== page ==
The afternoon has been placid. We went to the store for groceries, and I picked up some flicks at Blockbuster. I find that exercise is way easier if there is guy-type video on, so one of the ones I picked was the most recent Casino Royale. But then I had to go sit down for a while, because I was feeling a little dizzy. I've been having a problem on occasion where my blood pressure drops -- it was about 95/50 when I'd checked it before going out -- and I have to walk slowly and take deep breaths. Makes me feel old, I can tell you -- in fact, I went to sit down in the grocery store, and the bench was in use by an elderly woman with a walker. Not quite there yet. I think its partially because I've eatten so little today -- I tried a piece of sausage this morning, and that went very poorly -- five hours later, my jaw still ached! -- and I'd not had lunch. So when we got home, my wife made me something to eat, and then I more or less collapsed into bed and snoozed for about an hour. I just looked, and now its about 99/60, which is better, diastolically, anyway.

I'm well into that Donna Leon novel. She really has a wonderfully evocative style -- one reviewer said that Venetians (most of her novels are set in Venice) have a private, personal style that they don't share with others, let alone tourists, and these novels make you feel as if you're privy to some of that style. The books are not, as a rule, shoot-em-ups, but languid and careful novels about police investigations (I think that the style is called 'procedural'). I normally like faster paced fare, but for these, I'll make an exception.

MDW Saturday

Rough morning.

I had a heck of a time getting to sleep last night -- finally dozed off around 2AM. Every time I'd drift off, I would dream of something strange -- like the last time I saw my friend who died of cancer a few years ago. It was fairly stressful. Of course, the evening didn't help -- we'd planned to go to a local used book store, and then out for pizza; the bookstore, inexplicably, was closed (forever? hope not), and the pizza was fine -- for those who can chew worth a damn, which I still cannot.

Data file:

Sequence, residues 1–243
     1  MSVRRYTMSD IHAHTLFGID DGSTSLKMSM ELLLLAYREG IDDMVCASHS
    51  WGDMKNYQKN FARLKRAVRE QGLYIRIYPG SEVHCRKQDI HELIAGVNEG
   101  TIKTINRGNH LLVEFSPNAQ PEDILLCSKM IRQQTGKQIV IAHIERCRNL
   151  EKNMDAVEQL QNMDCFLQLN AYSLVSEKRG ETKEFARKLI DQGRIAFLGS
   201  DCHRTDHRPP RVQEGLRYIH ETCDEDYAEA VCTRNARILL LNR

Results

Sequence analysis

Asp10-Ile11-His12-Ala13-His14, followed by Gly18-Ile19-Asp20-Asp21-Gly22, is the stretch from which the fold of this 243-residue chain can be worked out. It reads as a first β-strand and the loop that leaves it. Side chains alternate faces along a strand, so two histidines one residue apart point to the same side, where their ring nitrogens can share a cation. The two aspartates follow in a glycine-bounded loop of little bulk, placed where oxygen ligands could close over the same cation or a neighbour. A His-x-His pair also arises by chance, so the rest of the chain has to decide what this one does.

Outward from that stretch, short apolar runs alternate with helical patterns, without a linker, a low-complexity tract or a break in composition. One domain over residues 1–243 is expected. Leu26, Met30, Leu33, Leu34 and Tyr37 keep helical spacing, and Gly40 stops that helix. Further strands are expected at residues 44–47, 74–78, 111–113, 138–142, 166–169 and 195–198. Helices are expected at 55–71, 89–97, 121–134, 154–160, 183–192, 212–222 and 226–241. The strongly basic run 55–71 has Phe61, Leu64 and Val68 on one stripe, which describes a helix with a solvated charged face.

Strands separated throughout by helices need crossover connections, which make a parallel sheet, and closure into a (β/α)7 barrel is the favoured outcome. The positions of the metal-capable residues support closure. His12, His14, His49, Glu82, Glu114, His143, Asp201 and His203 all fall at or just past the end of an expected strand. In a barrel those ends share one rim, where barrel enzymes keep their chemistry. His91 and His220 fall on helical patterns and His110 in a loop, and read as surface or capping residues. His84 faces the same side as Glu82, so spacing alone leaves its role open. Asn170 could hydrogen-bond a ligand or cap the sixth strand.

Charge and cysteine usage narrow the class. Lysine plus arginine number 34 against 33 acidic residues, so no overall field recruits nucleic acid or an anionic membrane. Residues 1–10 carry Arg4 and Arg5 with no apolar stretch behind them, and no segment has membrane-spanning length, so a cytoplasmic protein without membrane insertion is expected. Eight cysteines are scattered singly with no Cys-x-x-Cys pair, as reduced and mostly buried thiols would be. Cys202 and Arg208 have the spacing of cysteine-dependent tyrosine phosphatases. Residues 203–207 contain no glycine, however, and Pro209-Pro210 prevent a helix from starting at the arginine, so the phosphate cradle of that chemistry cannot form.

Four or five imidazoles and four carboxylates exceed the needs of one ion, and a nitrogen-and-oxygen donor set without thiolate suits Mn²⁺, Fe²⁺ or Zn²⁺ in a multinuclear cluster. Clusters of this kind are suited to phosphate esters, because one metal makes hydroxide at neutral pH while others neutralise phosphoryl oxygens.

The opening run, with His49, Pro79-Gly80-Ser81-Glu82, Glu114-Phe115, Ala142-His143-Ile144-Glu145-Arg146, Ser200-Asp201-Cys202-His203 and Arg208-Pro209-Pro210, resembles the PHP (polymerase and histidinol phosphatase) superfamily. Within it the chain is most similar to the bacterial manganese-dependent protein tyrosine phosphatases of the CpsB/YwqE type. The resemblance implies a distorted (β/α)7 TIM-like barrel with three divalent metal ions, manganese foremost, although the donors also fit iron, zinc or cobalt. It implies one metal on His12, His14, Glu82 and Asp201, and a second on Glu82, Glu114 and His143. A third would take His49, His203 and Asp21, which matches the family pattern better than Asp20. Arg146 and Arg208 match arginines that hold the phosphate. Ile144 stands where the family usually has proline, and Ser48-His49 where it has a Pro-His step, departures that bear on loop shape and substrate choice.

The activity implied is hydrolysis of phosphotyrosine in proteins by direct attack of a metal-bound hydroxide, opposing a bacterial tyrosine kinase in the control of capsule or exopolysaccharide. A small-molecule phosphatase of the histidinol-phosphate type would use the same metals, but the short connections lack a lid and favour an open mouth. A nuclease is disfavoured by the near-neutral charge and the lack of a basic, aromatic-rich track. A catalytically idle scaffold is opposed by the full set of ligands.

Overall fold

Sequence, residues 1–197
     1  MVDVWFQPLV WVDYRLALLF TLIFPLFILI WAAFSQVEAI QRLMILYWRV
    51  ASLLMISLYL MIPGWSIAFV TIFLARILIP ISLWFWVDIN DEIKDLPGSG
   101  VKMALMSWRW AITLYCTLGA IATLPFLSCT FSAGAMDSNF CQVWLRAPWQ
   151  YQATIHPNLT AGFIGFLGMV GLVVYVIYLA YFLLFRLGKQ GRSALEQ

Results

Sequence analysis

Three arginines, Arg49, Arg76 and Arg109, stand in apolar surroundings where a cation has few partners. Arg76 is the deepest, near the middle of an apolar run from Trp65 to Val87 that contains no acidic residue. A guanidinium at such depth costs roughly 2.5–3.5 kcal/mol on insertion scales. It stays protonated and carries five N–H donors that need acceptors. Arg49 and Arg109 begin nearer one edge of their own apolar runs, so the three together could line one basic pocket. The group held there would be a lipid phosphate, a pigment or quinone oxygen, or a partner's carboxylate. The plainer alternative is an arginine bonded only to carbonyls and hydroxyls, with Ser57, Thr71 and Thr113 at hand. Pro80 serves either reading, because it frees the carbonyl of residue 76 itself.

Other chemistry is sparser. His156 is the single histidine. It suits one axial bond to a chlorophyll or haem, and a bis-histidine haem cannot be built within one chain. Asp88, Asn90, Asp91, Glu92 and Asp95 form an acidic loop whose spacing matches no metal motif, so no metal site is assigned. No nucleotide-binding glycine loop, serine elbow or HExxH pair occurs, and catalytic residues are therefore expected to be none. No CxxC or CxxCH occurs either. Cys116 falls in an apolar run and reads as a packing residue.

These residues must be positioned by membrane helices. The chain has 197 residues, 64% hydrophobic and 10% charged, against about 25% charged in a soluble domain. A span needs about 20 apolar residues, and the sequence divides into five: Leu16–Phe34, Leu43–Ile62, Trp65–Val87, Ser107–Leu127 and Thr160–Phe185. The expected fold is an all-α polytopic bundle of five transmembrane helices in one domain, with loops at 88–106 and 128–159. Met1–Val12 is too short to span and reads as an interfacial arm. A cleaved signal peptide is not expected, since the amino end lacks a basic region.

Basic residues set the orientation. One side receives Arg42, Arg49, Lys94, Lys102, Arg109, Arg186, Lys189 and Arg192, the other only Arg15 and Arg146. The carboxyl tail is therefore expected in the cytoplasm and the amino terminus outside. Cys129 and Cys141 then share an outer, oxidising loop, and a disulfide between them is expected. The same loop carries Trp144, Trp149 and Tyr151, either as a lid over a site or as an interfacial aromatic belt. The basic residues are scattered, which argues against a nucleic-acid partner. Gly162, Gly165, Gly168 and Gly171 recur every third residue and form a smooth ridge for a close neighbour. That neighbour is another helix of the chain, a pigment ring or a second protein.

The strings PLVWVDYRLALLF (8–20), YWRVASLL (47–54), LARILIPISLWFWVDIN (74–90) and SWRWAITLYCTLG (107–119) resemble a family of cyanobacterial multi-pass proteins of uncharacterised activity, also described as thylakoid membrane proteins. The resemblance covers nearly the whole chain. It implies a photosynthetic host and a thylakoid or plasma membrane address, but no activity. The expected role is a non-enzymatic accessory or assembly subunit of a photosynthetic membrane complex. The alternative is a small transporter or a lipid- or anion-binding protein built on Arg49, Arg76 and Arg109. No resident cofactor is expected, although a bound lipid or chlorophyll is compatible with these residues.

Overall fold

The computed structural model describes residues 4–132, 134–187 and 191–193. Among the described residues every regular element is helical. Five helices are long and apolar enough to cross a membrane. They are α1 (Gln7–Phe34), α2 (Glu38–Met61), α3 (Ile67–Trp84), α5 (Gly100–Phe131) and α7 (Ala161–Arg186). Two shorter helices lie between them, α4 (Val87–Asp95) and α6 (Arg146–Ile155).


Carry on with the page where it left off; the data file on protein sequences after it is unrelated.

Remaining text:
Lets hope today is better.

Friday, May 25, 2007


When I visited my friends in Texas, on my epic trek down from South Dakota and back up to New York, I used to delight in walking in from the heat and humidity of Fort Worth (Fut Wuth, to the natives) and into the coolness of their home. Truth to tell, it was never quite as cool as I'd like -- someone would slither out in the middle of the night and kick the thermostat down a notch or two -- but it was delightful nonetheless.

We're at that stage here, now -- and the summer hasn't even officially begun. We came back from the bookstore (where I got two Donna Leon novels; the Inspector Brunetti series, almost uniformly good), and as soon as I opened the door into the storage room from the garage, coolness flowed over me.



I'm not a math guy. I'm familiar with a couple of concepts, though, and one of them is complexity, which is the idea that complex systems and phenomena can be deconstructed into a zillion simple actions. (I'm pretty sure 'zillion' isn't a math term.)

I was thinking about this idea this morning when I came across a Fast Company article about a company called DayJet, which intends to build an on-demand air taxi service. The magic is what lurks behind that 'on demand'. They promise that their web site will tell you, within about five seconds, what they'll charge you to bring you from Point A to Point B. That charge varies by location, number of seats, and time of day, and what drives that ability is a series of simulations done over years that show what the best fit is between the capabilities of the company (how many planes, how many passengers, where to where) and the buying public. In a sense, they're like the NetJet idea, in that you're buying the services of an aircraft only as you need it, but its more fractional and demand driven.

The article was agog over the use of complexity science to deconstruct the range of possibilities -- locations, planes, passengers, fares -- to come up with what the company calls a 'fitness landscape'. Perhaps they were right to be so; to me, its pretty obvious stuff, even though I could not do it myself. Its an old managerial theorem: anything you don't have to personally do is pretty simple, coupled with the Heinlein quote: any sufficiently advanced technology is indistinguishable from magic.

I liked it. And now I'm going to go read a little about complexity, and see how many pages I can go through before my brain melts down.

Making Announcements

One of these actually appears as a headline on the Harvard University Gazette web site. Which sounds better?

In a first, scientists develop tiny implantable biocomputers.

Researchers at Harvard and Princeton universities have taken a crucial step toward building biological computers, which, if successful, could eventually revolutionize how drugs are delivered within the human body

I'm going to guess that the first one sounds better. Its sexy, its energetic. It makes you think of androids and sensory augmentation and The Borg and The Six Million Dollar Man. Wow!